Letter from the Chair
As a new year approaches, I thought this would be the perfect time to look back at 2023, one of AH’s most eventful and successful years. Here are the highlights that you – our members – made possible.
Mountain View Mausoleum centennial celebration brought more than 350 Altadenans to our community’s most stunning architectural treasure. Music, dancing, food and drink, historical reenactors, and an art contest brought life into the usually quiet halls of this magnificent mausoleum.
Golden Poppy Awards once again honored gardeners whose front yards “give to the street.” Six gardeners were honored with a plaque and recognition at our Golden Poppy spring gathering held in the elegant backyard of Mark and Carol Forbush. A few days later a bike tour gave cyclists a chance to talk to the gardeners and see the winning front yards up close.
Third Thursday panel presentations continued with a look at the history of the plant-exploring Poponoe family in Altadena. Another panel revealed the beauty that can emerge from fallen or cut lumber when it is salvaged and crafted into stunning furniture by talented artisans and lumber experts.
Altadena was designated an official Tree City, an honor given to communities who plant, promote and protect trees that enhance our environment and our community. It’s a real honor to be named a Tree City.
2023 also included our fourth successful Tree Giveaway. Thanks to a grant from SoCal Edison 43 nursery-grown trees were given away to AH members and non-members alike. Trees mitigate rising temperatures, help clean the air and create a more beautiful environment.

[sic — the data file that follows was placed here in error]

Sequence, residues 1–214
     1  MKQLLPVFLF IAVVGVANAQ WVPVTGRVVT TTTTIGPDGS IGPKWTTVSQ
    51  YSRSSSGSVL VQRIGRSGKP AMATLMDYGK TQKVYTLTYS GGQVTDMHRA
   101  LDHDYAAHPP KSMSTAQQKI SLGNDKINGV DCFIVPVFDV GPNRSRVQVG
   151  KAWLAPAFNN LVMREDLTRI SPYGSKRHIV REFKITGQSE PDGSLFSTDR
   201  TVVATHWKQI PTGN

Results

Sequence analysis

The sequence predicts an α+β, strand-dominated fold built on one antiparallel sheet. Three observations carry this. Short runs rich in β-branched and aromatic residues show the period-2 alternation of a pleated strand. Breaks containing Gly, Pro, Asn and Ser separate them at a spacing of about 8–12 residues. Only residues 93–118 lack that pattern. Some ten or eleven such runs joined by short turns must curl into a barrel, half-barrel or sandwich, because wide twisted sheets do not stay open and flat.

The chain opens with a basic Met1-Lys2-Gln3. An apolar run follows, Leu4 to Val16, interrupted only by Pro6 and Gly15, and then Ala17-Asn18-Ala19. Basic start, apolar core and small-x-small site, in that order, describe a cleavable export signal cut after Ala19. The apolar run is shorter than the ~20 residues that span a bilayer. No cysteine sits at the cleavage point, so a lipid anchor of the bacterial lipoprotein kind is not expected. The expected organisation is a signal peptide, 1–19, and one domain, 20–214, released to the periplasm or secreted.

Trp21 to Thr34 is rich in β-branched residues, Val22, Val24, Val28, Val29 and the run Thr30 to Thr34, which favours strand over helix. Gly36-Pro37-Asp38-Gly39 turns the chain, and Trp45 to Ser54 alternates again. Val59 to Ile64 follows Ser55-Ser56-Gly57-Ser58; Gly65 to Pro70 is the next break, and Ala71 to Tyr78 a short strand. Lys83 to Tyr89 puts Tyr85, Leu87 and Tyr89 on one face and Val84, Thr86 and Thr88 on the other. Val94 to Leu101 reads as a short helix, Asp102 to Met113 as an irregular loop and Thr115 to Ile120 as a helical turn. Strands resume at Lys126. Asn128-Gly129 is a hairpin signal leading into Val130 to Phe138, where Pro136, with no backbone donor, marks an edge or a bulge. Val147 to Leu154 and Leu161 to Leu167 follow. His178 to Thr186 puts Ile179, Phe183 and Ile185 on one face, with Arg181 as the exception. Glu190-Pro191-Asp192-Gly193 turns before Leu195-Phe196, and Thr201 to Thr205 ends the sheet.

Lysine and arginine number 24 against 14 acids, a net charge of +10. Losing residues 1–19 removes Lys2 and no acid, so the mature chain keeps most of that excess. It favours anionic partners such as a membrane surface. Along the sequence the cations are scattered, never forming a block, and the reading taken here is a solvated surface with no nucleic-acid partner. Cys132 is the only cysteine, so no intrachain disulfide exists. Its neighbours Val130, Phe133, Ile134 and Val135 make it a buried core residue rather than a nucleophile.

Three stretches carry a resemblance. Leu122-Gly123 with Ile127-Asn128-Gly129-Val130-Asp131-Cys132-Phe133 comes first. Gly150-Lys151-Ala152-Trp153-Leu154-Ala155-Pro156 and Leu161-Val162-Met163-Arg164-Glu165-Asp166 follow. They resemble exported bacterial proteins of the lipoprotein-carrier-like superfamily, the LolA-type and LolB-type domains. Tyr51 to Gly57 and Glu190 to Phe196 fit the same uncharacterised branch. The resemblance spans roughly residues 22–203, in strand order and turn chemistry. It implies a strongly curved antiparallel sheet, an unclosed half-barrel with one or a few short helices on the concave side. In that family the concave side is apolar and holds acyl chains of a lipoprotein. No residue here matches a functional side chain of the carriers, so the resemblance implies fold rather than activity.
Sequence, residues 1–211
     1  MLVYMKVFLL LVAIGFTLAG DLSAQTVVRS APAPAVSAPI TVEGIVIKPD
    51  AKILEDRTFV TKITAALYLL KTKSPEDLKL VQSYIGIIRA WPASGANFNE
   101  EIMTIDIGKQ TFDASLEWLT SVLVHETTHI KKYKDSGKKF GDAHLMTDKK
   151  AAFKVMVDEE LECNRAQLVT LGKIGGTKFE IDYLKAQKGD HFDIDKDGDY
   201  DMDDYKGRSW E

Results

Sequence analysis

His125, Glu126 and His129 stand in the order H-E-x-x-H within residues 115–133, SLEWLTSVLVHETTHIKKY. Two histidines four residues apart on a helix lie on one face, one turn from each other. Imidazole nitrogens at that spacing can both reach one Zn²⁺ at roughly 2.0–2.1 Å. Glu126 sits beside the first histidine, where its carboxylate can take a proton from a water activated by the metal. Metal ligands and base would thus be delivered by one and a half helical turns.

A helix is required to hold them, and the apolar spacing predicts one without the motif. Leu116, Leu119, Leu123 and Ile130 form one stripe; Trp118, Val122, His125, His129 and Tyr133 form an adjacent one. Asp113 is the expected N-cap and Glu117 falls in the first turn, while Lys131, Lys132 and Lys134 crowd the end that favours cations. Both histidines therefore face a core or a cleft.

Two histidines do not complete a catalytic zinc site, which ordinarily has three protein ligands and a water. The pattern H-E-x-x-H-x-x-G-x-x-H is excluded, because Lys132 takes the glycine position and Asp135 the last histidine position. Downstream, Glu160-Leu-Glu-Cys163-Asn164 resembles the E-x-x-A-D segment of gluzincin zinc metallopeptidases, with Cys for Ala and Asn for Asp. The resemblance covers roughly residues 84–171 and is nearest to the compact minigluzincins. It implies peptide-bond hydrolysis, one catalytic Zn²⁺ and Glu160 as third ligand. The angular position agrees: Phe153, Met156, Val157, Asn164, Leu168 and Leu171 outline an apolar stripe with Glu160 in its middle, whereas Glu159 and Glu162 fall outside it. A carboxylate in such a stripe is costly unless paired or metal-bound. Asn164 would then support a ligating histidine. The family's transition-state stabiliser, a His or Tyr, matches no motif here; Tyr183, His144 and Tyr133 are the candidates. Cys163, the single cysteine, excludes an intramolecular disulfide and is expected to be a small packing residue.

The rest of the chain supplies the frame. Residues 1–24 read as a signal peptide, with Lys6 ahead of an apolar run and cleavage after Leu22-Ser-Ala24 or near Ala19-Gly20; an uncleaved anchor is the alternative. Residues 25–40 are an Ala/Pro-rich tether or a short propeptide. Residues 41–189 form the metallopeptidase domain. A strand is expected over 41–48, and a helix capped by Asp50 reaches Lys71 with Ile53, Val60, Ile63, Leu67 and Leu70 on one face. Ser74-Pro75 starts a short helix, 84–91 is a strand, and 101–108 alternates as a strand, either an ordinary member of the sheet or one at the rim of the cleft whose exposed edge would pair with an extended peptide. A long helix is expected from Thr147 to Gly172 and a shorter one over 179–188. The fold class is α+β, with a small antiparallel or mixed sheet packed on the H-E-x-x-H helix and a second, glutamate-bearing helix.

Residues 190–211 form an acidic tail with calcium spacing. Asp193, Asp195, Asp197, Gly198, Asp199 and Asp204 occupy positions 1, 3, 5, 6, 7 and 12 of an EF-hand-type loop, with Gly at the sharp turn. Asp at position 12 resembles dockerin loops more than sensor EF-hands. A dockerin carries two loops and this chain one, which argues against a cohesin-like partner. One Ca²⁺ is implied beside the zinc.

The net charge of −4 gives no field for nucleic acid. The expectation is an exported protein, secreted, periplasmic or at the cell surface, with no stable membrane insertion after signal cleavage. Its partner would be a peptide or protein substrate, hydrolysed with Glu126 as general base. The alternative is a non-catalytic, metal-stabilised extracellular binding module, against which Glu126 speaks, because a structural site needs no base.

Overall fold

Our semi-annual Newsletter arrived in your mailboxes, continuing AH’s commitment to original local journalism. This year’s themes were the history of land use in Altadena and the history of Mountain View Mausoleum.
Two new interpretive signs will enhance the trail to Owen Brown’s gravesite. One tells about Owen Brown, the last survivor of the raid at Harper’s Ferry and a staunch abolitionist.
The other tells about Robert Owen, a former slave who bought his own freedom, settled in El Prieto Canyon and started a successful lumber business. The Owen Brown Committee is also working with Supervisor Kathryn Barger to nominate the site as an LA Historic Landmark.
Triangle Park on the corner of Woodbury and Marengo was spruced up and is now getting regular maintenance to keep this busy corner looking clean and weeded.
Finally, we are very pleased to have four “Heritage Heroes”. These are members who stepped up their memberships to AH. Special thanks to Charles Hay, Michael Bicay and Leslie Lowe, Judy and Dick Rubin and Judy & Paul Wallace for their generous support.
If the past is prelude, I can say with complete confidence that 2024 will be an even more exciting year than 2023.
Many thanks to all and Happy New Year!